Worship Resources for August 21, 2022—Eleventh Sunday after Pentecost

Revised Common Lectionary: Jeremiah 1:4-10 and Psalm 71:1-6; Isaiah 58:9b-14 and Psalm 103:1-8; Hebrews 12:18-29; Luke 13:10-17

Narrative Lectionary: Series on Ruth, chapter 2 (Luke 6:36-28)

The first selection of the Hebrew Scriptures, following the rise of the prophets, moves to the call of Jeremiah in 1:4-10. God called Jeremiah when he was a boy and told him that before he was born, he was consecrated to be a prophet. However, Jeremiah, like many prophets before him including Moses, is afraid to speak in public. God tells Jeremiah to not be afraid and touches Jeremiah’s mouth, putting God’s own words into this young boy and appointing him to prophesy over the nations. Jeremiah’s words will tear down and destroy what is evil and build up and plant what is good for the future.

Psalm 71:1-6 begins a petition to God for deliverance; however, the psalmist knows God will be faithful even during injustice because God has been faithful from the beginning, even before the psalmist was born. The psalmist calls upon God’s steadfastness and surety, knowing that God is their rock and salvation. They have put their hope and trust in God since their youth and know that they will always praise God, for God is faithful.

The second selection of the Hebrew Scriptures turns to Second Isaiah in 58:9b-14. God speaks through the prophet to the people who have returned from exile that if they put aside their evil and oppressive ways and instead provide for those in need, God will satisfy their needs. They will rebuild and be strong and be known as the ones who repair the brokenness and restore the way. If they turn back to God’s ways, they will know the fullness of God’s promises to their ancestors.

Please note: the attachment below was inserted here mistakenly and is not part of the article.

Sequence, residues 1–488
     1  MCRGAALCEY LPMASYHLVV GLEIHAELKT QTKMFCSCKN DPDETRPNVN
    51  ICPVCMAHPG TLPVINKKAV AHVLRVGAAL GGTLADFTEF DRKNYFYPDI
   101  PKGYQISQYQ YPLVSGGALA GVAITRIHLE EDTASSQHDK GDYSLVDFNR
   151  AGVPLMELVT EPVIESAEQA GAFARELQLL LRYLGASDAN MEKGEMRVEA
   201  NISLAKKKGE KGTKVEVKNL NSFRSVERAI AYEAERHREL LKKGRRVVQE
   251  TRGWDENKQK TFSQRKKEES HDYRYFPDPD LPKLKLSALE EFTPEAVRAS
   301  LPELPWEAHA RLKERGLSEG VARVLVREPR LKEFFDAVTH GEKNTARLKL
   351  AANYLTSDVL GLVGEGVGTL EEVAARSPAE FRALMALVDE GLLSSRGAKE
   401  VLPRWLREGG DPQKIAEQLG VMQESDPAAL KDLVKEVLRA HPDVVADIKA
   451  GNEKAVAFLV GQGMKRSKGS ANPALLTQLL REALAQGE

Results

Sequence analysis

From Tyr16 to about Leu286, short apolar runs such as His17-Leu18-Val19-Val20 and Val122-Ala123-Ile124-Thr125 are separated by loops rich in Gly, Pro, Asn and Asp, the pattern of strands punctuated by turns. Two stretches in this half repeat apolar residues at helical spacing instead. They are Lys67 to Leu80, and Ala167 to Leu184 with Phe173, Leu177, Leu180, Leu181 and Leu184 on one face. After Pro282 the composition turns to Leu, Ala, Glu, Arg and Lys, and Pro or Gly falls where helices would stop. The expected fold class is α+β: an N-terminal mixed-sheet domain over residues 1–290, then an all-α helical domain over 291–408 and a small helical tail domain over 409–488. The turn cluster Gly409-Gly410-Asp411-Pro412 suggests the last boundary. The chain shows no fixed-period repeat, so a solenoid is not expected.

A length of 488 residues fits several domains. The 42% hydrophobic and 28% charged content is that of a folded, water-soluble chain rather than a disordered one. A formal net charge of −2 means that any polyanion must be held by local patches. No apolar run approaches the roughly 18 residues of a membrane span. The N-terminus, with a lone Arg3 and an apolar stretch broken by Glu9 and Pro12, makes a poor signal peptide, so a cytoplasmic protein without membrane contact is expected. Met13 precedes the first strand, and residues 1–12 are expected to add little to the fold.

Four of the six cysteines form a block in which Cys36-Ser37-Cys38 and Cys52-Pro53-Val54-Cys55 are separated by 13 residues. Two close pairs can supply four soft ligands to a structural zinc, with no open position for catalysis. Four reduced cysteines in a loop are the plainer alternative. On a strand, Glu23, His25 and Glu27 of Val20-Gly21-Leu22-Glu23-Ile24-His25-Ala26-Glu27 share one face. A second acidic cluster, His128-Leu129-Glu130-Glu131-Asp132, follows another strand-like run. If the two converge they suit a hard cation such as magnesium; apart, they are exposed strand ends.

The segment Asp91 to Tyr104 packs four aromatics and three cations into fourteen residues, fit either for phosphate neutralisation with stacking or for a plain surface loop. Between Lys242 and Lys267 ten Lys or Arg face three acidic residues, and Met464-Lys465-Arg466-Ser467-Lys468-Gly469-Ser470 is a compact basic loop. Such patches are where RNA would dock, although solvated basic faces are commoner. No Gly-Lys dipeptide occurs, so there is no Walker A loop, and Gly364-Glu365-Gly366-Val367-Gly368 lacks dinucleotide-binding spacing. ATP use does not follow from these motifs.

Psalm 103:1-8 is a song of praise and blessing. The psalmist calls the people to worship God who forgives, heals, redeems, and restores. God works justice for the oppressed and is full of mercy and steadfast love. God’s ways were made known to Moses and through all the prophets and will satisfy the faithful with goodness.

The Epistle reading continues in Hebrews with 12:18-29. For their ancestors, only Moses could approach God’s holy mountain of Sinai, but now, all believers can approach God upon the new Zion, the holy mountain city of God. Jesus has mediated a new covenant with his blood. The writer warns against rejecting Jesus the way the people rejected Moses, for Moses warned from earth but Jesus warns from heaven. Though the earth and worldly kingdoms are shaken, heaven cannot be, and the faithful receive the unshakable reign of God. God is a consuming, purifying fire, the one whom we serve in faithfulness, ready to be cleansed and made pure.

Jesus heals a woman suffering from physical disability in Luke 13:10-17. The woman was unable to stand up straight due to a spirit, but Jesus called her over and told her she was set free, and immediately she could stand. She began praising God. But the leader of the synagogue was upset that Jesus healed her on the Sabbath when she could have been healed at any other time. Jesus calls them hypocrites, for surely they would water and feed their animals on the Sabbath, so why could he not set free this daughter of Abraham? While there are several stories of Jesus healing on the Sabbath and someone being upset by it, the people upset are in the minority. The issue is not that Jesus healed this woman or that it’s the Sabbath, it’s that this particular leader didn’t see this woman as part of his community, a “daughter of Abraham.” Jesus showed her kindness and compassion. The demon removed perhaps is the demon of separation, the way we “other” people, especially those with disabilities.